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As written in +Daniel Spielmann posting:
"I have the great privilege to build a similar environment for one of our customers. In the (near) future it becomes a learner-centered single-login system with huge courses, composed of captivate modules, Connect-conferences, real-life meetings, documents, print materials and even more. The only information needed from the learners are e-mail and name.

Only exception: If there are important exams to pass, our client need some more infos, not only to send certificates. :) Great fun and a great challenge."
My employer prefers the federation model - nevertheless personally I stick to my PLE.
Thanks for this Stephen. We're covering the actual debates and the future of both VLEs and PLEs at the moment on the Master's course I am undertaking with the Open University in the UK ( distance ed; course / MA in online and distance ed). I'm in favour of decentralizing the learning approach. I can already see that within our own cohort of students ( who are segregated into groups), we have to agree on collaborative systems outside the uni; VLE in order to communicate. We do have some choices within the system but it's often easier to agree on a common core tool from our own PLEs, that we' re already using on a regular basis. I do the same with m own language students: let them choose their tools and I do the adapting.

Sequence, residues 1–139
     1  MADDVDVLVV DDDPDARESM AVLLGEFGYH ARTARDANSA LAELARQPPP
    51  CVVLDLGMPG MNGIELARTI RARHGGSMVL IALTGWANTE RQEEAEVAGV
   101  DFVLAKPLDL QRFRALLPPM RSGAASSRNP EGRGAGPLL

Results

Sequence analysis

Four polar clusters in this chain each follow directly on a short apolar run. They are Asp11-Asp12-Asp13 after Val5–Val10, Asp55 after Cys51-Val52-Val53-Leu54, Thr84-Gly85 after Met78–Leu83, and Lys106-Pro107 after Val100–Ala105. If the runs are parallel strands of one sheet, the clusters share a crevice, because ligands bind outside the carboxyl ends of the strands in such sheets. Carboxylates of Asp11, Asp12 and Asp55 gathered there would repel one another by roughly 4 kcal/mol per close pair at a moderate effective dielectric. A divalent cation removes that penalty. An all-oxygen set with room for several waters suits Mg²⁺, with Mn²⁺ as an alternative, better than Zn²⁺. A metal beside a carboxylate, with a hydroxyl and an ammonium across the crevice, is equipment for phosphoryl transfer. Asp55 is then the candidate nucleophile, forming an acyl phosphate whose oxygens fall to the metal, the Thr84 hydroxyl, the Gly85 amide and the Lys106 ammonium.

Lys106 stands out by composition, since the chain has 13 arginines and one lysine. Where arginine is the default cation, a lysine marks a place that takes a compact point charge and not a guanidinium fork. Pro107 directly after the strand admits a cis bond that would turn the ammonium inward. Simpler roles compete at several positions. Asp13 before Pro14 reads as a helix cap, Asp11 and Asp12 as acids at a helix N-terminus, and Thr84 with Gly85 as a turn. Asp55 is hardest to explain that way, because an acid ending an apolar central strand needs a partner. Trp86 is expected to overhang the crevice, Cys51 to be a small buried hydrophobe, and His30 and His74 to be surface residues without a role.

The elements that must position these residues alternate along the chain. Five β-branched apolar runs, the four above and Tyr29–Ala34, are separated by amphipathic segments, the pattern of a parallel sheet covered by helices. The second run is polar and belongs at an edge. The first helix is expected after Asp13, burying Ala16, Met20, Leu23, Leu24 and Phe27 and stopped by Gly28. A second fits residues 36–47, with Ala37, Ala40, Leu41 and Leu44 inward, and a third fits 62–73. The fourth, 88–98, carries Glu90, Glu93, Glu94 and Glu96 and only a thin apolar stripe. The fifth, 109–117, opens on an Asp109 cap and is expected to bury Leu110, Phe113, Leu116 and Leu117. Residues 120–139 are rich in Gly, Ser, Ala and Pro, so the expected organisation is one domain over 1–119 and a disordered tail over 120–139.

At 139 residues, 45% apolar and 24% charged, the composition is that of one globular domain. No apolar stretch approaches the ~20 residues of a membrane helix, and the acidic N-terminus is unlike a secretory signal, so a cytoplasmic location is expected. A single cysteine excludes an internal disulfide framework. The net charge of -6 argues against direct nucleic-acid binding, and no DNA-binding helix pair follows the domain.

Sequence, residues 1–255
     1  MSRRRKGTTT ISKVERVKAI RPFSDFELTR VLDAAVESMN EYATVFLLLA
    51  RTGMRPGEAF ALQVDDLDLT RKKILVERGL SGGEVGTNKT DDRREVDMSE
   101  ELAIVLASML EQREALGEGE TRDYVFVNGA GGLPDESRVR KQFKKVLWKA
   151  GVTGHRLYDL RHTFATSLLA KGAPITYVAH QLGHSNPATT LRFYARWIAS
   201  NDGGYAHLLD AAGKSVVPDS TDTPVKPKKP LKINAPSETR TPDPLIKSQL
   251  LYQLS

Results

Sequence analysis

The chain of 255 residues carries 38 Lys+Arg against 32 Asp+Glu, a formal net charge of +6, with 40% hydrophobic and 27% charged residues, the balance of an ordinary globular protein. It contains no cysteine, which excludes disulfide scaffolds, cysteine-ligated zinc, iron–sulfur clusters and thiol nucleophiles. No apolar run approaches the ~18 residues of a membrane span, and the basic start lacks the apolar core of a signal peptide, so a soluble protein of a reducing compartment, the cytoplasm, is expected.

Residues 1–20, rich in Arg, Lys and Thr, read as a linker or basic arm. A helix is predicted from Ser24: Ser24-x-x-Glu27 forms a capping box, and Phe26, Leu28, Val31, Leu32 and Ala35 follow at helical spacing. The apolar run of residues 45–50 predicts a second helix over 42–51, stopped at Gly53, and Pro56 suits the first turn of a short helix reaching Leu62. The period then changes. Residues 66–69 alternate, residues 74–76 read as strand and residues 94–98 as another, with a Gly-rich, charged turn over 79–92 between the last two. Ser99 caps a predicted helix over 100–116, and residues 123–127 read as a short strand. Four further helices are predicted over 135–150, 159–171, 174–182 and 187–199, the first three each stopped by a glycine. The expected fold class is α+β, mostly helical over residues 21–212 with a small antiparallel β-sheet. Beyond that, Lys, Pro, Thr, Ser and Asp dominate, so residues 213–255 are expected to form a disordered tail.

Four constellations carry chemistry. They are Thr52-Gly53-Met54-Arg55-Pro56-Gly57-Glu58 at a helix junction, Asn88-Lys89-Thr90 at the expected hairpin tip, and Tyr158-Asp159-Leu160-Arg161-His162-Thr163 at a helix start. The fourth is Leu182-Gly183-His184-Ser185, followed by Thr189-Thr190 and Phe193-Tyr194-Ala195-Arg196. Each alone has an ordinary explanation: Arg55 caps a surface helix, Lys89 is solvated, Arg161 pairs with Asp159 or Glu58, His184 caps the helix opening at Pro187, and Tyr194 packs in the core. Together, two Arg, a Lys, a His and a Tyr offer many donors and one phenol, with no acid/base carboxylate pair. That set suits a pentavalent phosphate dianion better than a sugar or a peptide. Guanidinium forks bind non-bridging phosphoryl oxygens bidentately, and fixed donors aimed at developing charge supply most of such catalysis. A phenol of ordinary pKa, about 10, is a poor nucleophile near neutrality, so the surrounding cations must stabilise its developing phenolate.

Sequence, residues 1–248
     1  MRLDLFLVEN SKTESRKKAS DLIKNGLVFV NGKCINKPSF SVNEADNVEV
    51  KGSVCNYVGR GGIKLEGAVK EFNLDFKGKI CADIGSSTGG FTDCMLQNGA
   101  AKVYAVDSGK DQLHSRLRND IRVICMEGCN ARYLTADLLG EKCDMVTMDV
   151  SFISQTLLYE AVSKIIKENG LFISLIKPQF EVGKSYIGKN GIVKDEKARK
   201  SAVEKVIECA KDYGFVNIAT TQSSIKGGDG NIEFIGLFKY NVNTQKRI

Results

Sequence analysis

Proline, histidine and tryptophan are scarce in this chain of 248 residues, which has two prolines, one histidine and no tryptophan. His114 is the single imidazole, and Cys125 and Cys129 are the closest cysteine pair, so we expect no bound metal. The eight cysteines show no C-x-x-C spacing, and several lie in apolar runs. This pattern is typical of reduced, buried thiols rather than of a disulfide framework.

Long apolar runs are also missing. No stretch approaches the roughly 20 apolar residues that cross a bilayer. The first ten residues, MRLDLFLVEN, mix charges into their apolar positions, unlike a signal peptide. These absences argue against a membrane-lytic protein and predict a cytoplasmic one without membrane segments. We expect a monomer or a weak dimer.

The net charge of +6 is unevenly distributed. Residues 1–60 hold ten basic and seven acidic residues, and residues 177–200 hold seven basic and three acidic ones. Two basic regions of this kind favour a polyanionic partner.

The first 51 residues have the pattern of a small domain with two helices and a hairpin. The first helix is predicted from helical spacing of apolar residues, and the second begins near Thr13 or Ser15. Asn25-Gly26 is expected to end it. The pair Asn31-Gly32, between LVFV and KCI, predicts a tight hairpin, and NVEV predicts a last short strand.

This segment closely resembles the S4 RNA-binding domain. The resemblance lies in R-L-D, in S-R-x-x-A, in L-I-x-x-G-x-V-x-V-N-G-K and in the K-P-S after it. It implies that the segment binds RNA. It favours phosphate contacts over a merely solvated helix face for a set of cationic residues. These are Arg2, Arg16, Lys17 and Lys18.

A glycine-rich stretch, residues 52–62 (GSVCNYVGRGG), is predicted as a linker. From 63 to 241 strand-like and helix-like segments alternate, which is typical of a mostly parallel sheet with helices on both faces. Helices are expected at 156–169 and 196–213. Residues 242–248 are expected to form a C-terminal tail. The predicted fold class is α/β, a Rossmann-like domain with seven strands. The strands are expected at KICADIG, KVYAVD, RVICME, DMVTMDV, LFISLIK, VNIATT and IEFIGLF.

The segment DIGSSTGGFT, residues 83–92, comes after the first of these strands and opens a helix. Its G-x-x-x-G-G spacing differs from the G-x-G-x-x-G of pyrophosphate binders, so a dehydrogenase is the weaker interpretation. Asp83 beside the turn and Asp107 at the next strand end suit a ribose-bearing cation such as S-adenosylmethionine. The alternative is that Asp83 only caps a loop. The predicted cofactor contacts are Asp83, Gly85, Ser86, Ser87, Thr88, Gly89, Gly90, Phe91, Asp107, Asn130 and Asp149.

Thanks for the Insight. I've been promoting the idea of using publicly available collaboration ressources to our students for some time. I hadn't heard the term PLE before, though.
My impression is that a centralized LMS will not really encourage the level of sharing and collaboration you'd expect, when you see what is happening on typical social networking platforms.
Our students will use an LMS as a guideline and as a sort of learning itinarary as well as the place where they get their assignments and drop off their results.  The real collaboration however, takes place where they feel 'at home'. On G+ or any other combination of platforms.

The never-ending discussions about how much control to give up in favor of self-organized learning seem to be a natural part of transition (I hope). 
Thanks again this excellent overview. I now have a truckload of new arguments!
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